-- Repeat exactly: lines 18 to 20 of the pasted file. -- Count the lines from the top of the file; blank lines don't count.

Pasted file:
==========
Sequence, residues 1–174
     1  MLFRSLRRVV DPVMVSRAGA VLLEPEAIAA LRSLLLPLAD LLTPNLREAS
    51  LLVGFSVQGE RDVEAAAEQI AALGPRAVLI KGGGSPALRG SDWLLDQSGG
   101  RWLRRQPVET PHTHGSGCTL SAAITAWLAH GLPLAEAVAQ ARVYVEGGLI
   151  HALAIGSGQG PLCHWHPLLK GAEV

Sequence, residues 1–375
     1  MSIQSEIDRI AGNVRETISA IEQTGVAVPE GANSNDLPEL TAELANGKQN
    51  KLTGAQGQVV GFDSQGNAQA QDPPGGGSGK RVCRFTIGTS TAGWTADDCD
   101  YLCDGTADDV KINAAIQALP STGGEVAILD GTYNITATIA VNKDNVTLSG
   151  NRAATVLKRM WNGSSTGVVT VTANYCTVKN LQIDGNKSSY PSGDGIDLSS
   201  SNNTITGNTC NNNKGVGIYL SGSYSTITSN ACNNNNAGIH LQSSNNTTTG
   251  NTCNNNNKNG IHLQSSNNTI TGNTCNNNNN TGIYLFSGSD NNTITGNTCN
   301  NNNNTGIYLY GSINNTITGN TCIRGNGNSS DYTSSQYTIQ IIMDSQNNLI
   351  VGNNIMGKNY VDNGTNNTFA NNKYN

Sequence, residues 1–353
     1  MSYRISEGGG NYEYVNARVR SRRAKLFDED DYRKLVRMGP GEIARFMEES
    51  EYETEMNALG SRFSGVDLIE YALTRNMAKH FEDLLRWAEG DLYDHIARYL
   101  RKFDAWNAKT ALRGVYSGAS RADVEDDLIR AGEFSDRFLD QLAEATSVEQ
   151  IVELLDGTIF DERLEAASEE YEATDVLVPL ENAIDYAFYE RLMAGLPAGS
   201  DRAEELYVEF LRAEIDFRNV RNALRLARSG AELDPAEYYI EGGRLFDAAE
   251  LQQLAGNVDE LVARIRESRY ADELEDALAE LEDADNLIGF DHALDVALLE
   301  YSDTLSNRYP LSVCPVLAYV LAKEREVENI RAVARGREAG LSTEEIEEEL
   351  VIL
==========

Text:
   101  RKFDAWNAKT ALRGVYSGAS RADVEDDLIR AGEFSDRFLD QLAEATSVEQ
   151  IVELLDGTIF DERLEAASEE YEATDVLVPL ENAIDYAFYE RLMAGLPAGS
   201  DRAEELYVEF LRAEIDFRNV RNALRLARSG AELDPAEYYI EGGRLFDAAE